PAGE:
Dobson pointed out Childers connection with the athletes as a key to his success as an assistant.
“Kids relate well to him,” Dobson said. “He’s great communicating with the kids, especially in the hitting aspect. Guys understand him. He does a great job in that area.”
His dedication to his craft, Dobson and King claim, have been invaluable.
“Both of us couldn’t ask for a better assistant coach,” King said.
Before joining the Broken Arrow staff, Childers, who has near 25-years of baseball coaching experience, was a hitting instructor at Seminole State College, head coach at Cleveland High School and served as athletic director at Woodland High School.
For the second time in as many years, Broken Arrow’s Payton Hinkle was named the Oklahoma Gatorade Girl Cross Country Athlete of the Year.
The Tiger junior is a two-time state champion, winning this past fall’s championship with a time of 18:23.64, 10.7 seconds better than the second-place finisher.
Hinkle also won the Arkansas vs. Oklahoma All-Star Meet by 34 seconds. She was the 2019 Tulsa World All-Metro Female Athlete of the Year and is a finalist for the publication’s 2020 Girls Cross Country Runner of the Year award.
Hinkle is the school record holder in the 4K (14:35.90), 5K (18:03.44) and in the recent Broken Arrow Track Classic set the school record in the 3200 Meter Run with a time of 10:51.14.
The award, which recognizes not only outstanding athletic excellence, but also high standards of academic achievement and exemplary character demonstrated on and off the field, distinguishes Hinkle as Oklahoma’s best high school girls cross country athlete. Now a finalist for the prestigious Gatorade National Girls Cross Country Player of the Year award to be announced in April.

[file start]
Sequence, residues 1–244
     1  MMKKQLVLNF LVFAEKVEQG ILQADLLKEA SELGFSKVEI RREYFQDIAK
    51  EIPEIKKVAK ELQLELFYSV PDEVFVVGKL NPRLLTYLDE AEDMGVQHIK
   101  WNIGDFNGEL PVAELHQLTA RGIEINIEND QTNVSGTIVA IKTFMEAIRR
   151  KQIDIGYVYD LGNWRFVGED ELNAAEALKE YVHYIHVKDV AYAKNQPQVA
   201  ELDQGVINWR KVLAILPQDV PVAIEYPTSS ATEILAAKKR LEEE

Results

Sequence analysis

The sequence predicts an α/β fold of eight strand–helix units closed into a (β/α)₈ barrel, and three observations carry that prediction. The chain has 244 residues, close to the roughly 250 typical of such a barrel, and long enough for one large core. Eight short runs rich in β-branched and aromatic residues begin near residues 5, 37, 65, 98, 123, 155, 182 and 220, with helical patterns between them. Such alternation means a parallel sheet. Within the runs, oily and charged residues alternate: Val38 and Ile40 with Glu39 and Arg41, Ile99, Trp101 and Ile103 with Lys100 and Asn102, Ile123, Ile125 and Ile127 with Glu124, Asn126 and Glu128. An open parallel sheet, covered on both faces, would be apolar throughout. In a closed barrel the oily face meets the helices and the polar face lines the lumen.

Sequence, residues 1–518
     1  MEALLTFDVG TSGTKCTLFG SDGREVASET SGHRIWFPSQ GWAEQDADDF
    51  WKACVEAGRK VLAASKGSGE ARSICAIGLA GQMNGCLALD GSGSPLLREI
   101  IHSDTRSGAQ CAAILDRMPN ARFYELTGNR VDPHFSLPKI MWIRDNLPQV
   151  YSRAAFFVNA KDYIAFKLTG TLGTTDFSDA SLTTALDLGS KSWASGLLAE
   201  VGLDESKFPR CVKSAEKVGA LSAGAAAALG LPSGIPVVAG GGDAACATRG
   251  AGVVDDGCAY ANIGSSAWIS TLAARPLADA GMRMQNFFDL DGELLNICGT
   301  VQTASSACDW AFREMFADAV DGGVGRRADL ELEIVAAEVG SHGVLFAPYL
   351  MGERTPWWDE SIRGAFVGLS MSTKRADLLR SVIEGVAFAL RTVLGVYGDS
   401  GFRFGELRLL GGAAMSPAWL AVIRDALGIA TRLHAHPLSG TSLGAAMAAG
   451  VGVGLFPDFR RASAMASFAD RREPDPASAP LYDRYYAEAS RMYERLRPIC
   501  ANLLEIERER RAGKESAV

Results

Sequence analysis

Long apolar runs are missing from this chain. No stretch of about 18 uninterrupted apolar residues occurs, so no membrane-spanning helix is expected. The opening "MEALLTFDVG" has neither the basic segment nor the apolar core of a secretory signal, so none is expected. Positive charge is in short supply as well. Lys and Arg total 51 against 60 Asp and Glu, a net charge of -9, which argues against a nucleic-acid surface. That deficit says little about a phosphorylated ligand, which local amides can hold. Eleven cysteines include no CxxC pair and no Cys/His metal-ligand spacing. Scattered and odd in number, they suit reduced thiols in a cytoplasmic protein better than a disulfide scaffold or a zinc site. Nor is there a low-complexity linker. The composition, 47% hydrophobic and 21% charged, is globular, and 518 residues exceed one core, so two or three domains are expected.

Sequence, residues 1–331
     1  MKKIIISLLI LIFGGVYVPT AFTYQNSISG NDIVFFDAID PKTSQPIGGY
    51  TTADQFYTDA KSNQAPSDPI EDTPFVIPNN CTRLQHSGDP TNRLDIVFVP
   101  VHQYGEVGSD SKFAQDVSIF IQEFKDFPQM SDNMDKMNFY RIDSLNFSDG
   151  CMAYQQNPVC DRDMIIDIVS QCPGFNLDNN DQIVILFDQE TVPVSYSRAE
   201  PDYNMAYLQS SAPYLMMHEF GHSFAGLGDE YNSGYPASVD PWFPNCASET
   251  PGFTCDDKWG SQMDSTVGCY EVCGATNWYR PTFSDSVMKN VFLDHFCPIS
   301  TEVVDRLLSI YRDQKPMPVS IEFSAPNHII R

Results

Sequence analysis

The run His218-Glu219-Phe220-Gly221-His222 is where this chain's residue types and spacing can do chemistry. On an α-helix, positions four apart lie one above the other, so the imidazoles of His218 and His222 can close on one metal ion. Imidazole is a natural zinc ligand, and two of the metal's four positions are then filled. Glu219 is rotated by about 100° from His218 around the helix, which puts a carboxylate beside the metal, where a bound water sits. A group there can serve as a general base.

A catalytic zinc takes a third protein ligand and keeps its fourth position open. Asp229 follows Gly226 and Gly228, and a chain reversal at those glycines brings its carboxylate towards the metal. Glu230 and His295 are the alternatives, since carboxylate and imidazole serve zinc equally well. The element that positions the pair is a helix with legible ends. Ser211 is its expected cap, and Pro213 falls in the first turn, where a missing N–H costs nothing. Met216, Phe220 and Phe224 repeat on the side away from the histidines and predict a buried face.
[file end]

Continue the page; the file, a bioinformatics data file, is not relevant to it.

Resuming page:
Hinkle has volunteered locally as part of multiple community service initiatives through her church. “Payton is an extraordinary person and athlete,” said Shane Messinger, BA head cross country coach. “She is a determined competitor who exemplifies how a relentless commitment to preparation can lead to great accomplishments.”
Hinkle also has maintained a weighted 4.38 GPA in the classroom
The Gatorade Player of the Year program annually recognizes one winner in the District of Columbia and each of the 50 states that sanction high school football, girls volleyball, boys and girls cross country, boys and girls basketball, boys and girls soccer, baseball, softball, and boys and girls track & field, and awards one National Player of the Year in each sport. The selection process is administered by the Gatorade Player of the Year Selection Committee, which work with top sport-specific experts and a media advisory board of accomplished, veteran prep sports journalists to determine the state winners in each sport.
Through Gatorade’s cause marketing platform “Play it Forward,” Hinkle has the opportunity to award a $1,000 grant to a local or national youth sports organization of their choosing. Hinkle is also eligible to submit a 30-second video explaining why the organization they chose is deserving of one of twelve $10,000 spotlight grants, which will be announced throughout the year. To date, Gatorade Player of the Year winners’ grants have totaled more than $2.7 million across 1,117 organizations.
Following two track meets in March of 2020, Scott Wilkinson and his Broken Arrow Tiger assistant coaches felt confident the boys could repeat as state champions and that the girls had a good chance of improving on their 2019 second-place state finish.
Then came COVID, which caused more agony than dropping the baton on the last pass of 4x100 relay that was sprinting at a record-breaking pace.
“That group of kids in ’19, and a lot of them came back in ’20 and were seniors, were an unbelievable group of kids to have,” Wilkinson said. “Everyone meshed well together.”